Unraveling “Unda Movie Review” and It’s Impactful Narrative

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Monika Ahuja
Monika Ahuja
I have a specialization in finance but I have written for several domains including real estate, automobile, home decor, e-commerce etc. I worked in sales for over 4 years, before choosing to become a content writer. As a writer, I have worked closely with several national and international brands and have handled their social media and website content for over 3 years. With my diverse experience in the field of writing, I am looking forward to creating some engaging content for my readers.


  • Mammootty as Sub Inspector Manikandan
  • Shine Tom Chacko as Constable Siju
  • Jacob Gregory as Constable Vava
  • Arjun Ashokan as Constable Unni
  • Easwari Rao as Leela
  • Ranjith, as a Naxalite leader



  • Khalid Rahman

Unda is a 2019 Indian Malayalam action comedy film directed by Khalid Rahman and written by Harshad. The film received positive reviews, with critics praising the realistic portrayal of police officers and the performances of the cast. Director Khalid Rahman’s Unda is an example of intelligent filmmaking whose ideological perspective is directed at the political scenario of one of the world’s largest democracies.

Never pretending to be erudite for a moment, ‘Unda’ is full of brilliant insights delivered in rapid succession, making it one of his most thought-provoking Malayalam films in recent years. During what appears to be a moment of unusual silence during a long chat session, Noushad (Noushad Ali), a plainclothes police officer from Kerala, wittily talks with Maoists. Ask who they are and what their needs and demands are. It is clear that he is one of the hundreds of thousands of people living in this country. For them, Maoist is just a word that occasionally hits the headlines, forgotten as quickly as it is absorbed.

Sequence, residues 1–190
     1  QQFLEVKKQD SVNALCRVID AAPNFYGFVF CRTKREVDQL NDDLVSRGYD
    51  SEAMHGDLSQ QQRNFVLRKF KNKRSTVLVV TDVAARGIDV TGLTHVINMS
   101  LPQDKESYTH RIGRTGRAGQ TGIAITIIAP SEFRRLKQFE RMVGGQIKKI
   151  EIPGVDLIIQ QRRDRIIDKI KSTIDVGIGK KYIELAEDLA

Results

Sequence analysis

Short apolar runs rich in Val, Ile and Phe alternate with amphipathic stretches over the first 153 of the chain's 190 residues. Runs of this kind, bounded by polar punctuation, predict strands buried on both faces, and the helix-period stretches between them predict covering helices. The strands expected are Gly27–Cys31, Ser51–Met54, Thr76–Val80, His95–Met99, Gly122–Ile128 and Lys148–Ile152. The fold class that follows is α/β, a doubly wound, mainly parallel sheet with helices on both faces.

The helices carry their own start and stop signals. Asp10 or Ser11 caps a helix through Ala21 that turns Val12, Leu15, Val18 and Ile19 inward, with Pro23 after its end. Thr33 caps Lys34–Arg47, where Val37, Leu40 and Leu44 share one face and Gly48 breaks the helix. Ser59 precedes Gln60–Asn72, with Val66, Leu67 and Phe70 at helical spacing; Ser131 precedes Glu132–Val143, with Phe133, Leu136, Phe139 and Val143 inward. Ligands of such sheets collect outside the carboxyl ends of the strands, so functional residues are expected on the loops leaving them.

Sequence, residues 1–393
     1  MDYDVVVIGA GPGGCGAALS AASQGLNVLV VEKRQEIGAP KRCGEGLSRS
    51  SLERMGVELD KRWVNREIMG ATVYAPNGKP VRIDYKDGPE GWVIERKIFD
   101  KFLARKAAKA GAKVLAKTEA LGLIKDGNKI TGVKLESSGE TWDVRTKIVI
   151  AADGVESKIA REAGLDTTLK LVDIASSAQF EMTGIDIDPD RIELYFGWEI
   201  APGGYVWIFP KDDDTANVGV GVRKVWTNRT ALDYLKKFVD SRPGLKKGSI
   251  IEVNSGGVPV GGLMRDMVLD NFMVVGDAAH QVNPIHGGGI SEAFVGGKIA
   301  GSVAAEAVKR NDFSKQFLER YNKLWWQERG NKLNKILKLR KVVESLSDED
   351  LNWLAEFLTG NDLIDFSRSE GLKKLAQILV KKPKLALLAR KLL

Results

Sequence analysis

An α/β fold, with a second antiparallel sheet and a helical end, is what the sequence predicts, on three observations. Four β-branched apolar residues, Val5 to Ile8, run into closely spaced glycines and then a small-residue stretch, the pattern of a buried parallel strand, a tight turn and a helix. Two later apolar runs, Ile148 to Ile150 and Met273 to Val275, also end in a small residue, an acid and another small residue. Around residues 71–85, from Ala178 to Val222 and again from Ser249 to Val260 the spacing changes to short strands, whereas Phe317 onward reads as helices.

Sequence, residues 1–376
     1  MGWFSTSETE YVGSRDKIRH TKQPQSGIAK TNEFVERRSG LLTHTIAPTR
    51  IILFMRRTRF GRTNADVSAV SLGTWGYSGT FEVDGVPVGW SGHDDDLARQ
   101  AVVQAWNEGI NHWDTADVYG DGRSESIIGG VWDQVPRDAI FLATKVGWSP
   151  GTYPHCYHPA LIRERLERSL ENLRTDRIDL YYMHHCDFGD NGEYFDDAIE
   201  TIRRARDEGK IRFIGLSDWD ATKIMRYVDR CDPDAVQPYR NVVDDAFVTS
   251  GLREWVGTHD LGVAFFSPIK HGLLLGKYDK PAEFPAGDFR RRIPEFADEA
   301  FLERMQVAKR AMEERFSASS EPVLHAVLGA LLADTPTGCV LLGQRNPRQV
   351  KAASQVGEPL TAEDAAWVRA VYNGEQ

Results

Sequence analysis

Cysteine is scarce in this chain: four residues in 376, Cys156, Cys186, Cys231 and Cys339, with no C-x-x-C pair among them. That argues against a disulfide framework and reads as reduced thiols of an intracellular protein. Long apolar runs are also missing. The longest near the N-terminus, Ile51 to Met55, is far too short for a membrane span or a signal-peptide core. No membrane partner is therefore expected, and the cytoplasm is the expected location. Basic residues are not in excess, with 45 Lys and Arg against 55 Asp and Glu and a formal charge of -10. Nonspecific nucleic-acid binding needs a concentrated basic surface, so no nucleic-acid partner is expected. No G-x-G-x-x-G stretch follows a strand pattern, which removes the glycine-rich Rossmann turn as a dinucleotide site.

Nushad is part of a police team deployed on “other government operations” during the election period. When a group of cheerful young men set out on a journey to Chhattisgarh, they wonder what lies ahead. I knew very little about it. To Nushad’s questions, her officer, sub-inspector Manikandan (Mammootty), gave an evasive reply, jokingly admitting that the Maoists themselves had the answers to his questions. Unda, directed by Khalid Rahman, comes with an ideological perspective focused on the political scenario in one of the world’s largest democracies.

Unda’s plot structure is admirable in that it puts a little too much emphasis on personal life but cleverly ties it back to its underlying political principles. It has a more introspective intent, exploring personal stories and digging into the subtext with great dexterity while exposing the foundations of a vast political system.

For example, PC Biju Kumar (Rukman), despite donning a police uniform in a very dangerous situation, faces many jokes from his colleagues in the force, especially PC Unnikrishnan (Abhiram Poduval) and faces the brunt of it. Biju, who comes from a humble background, is scolded and ridiculed for his lineage, but he accepts everything until he decides he can’t continue any longer. His HDR Jojo Samson (Shine Tom Chacko) is on the verge of divorce, and PC Girish (Arjun Ashokan) is eagerly looking forward to marriage despite Jojo’s cynicism towards marriage. PC Aji Peter (Ronnie David) is upset that neither his sister nor Girish told him the news beforehand. PC Gokran Balachandran (Gokran) worries about his feelings for his wife. 

He is a child who is expecting a baby any moment now. There’s also Nushad, who becomes pale due to Chhattisgarh’s extreme heat and fears it will ruin his chances of becoming an actor someday, and PC Varghese Kuruvilla (Jacob Gregory), who lives in a remote corner of the world. 

The movie subverts every cliche that comes with the cop genre and is one of its kind. The director continues to reject the star’s testosterone-fueled lines and flattering camera angles, strategically ensuring he doesn’t conform to the traditional alpha male portrayal. Throughout this film, the audience encounters an incredibly authentic storyline, blending satire with poignant moments.

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